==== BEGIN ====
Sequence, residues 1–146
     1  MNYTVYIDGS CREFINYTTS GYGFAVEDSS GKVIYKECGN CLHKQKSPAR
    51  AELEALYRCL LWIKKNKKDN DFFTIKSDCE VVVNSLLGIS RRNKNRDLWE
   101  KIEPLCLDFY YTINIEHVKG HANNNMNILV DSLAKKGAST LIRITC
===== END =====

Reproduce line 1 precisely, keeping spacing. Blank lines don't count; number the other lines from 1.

Sequence, residues 1–146